This week, we discuss public reports of unidentified aerial phenomena; the effects of a potential change in U.S. policy toward Taiwan; how neurodiversity can help national security organizations; treatment for people facing opioid use disorder and mental illness; Ukraine's path to victory; and pain care for U.S. service members.
The federal government is responsible for tens of millions of square miles of airspace, and it has finite resources to monitor this vast area. At the same time, more people and companies are operating commercially available drones, which both capture and contribute to increased activity in the skies.
Public reports of unidentified aerial phenomena, or UAPs, could help U.S. officials identify potential threats from above. A new RAND report dives into the existing data, analyzing more than 100,000 public reports of UAP sightings across the country. (Our analysis should not be interpreted as an endorsement of any individual reports, however.)
The most consistent and statistically significant finding: Reported sightings were more likely to occur in areas within 30 kilometers of military operations areas, where routine military training occurs. This suggests that some UAPs may be authorized military aircraft.
To continue gathering valuable insights such as these—and to monitor the wide range of threats lurking in our skies more effectively—the authors recommend building a robust system for reporting UAP sightings.
A new RAND study considers how America's Indo-Pacific allies—Japan, South Korea, and the Philippines—might react if the United States either increased or decreased support to Taiwan. Japan favors increases in many forms of U.S. diplomatic and military support, while South Korea and the Philippines favor the status quo. All three countries oppose reductions in American support to Taiwan, seeing it as a signal of waning U.S. commitment to their own security.
Within the U.S. intelligence community, archaic policies—combined with dated understandings about autism spectrum disorder—have created an environment where neurodiversity is not valued. This leads many autistic or otherwise neurodivergent people working in the field to hide their diagnoses. A recent study led by RAND's Cortney Weinbaum shows that national security organizations are missing out on key benefits by failing to embrace those who don't use their brains in “typical” ways.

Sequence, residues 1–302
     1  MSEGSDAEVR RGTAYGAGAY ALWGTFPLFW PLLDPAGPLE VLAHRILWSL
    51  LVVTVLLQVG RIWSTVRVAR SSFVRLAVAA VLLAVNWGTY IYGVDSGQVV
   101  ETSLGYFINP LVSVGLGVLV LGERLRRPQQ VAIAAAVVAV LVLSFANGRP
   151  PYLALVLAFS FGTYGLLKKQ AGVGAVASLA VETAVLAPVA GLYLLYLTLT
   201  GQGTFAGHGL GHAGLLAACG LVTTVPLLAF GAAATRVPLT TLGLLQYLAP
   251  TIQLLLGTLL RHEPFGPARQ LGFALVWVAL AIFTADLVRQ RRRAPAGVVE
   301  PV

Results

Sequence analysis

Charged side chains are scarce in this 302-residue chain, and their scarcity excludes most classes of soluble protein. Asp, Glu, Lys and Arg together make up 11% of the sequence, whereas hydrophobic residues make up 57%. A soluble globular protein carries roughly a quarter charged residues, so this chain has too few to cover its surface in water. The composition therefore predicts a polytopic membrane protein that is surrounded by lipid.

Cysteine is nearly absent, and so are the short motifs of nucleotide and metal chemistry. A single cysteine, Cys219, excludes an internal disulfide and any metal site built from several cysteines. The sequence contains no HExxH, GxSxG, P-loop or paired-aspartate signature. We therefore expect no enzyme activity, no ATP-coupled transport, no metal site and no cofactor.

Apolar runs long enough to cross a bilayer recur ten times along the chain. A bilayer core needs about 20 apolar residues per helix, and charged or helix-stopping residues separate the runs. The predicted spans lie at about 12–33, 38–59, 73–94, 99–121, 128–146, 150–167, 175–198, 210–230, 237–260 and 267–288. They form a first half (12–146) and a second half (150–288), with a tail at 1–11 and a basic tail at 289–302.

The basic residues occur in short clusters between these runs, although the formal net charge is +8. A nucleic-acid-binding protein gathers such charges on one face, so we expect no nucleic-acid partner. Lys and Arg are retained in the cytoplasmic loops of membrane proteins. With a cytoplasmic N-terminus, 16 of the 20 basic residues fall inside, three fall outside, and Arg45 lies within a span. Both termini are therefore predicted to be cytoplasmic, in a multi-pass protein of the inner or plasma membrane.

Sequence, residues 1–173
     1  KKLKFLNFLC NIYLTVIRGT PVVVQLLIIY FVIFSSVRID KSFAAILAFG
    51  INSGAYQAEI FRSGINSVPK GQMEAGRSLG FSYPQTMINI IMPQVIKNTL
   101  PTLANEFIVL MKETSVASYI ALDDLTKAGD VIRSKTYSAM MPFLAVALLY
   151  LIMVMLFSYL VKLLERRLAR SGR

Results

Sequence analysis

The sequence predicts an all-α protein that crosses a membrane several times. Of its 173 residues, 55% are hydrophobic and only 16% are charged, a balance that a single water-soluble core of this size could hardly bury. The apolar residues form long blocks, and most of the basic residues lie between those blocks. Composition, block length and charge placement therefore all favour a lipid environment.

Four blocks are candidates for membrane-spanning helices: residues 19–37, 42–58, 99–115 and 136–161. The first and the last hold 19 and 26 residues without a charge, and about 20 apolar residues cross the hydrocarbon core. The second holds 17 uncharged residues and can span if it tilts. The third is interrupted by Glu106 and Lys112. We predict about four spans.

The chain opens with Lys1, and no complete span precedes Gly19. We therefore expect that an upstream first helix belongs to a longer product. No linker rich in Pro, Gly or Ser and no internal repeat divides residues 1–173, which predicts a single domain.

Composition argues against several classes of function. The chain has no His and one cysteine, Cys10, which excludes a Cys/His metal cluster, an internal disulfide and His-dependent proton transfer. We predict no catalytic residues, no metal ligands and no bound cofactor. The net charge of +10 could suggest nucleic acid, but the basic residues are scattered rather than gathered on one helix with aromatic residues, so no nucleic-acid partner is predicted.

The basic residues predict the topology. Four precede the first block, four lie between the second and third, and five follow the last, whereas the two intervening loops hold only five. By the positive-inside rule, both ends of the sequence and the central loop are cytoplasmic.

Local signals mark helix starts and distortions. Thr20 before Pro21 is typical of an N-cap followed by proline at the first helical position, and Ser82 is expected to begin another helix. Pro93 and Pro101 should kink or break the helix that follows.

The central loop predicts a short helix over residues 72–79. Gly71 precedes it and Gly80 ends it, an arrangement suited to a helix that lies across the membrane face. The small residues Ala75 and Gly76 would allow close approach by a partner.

Millions of people in the United States have opioid use disorder. And for many of them, this isn't the only health challenge they face. Studies suggest that more than a quarter of those with opioid use disorder also have a serious mental illness, such as depression or PTSD. A recent RAND study examined a promising new treatment program for those struggling with these co-occurring conditions. The key to its success: collaboration.
Many believe that the war in Ukraine can only end at the negotiating table. But RAND's Brian Michael Jenkins argues that Ukraine is right to think that talks with Russia will only lead to more aggression. Russian President Vladimir Putin may not even be willing to negotiate anything other than ending Western support for Ukraine, he says. This is one reason why NATO should focus on ensuring the war is a Russian quagmire. “That is Ukraine's path to victory,” Jenkins says, “and Russia knows it.”
Pain is the leading cause of disability among active-duty service members. A new RAND study looks at how the Military Heath System treats patients with acute and chronic pain—and how it might improve. The authors find that providers already take steps to mitigate the risk of opioid misuse or dependence when prescribing pain medication. But they would still benefit from more training on opioid prescribing. Additionally, more could be done to remove barriers to nonpharmacologic treatment.
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